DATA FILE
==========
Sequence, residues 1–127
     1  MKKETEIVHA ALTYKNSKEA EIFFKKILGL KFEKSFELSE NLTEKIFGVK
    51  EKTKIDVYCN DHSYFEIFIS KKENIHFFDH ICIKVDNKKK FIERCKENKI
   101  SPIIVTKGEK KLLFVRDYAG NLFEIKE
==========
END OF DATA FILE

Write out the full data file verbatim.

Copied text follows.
Sequence, residues 1–127
     1  MKKETEIVHA ALTYKNSKEA EIFFKKILGL KFEKSFELSE NLTEKIFGVK
    51  EKTKIDVYCN DHSYFEIFIS KKENIHFFDH ICIKVDNKKK FIERCKENKI
   101  SPIIVTKGEK KLLFVRDYAG NLFEIKE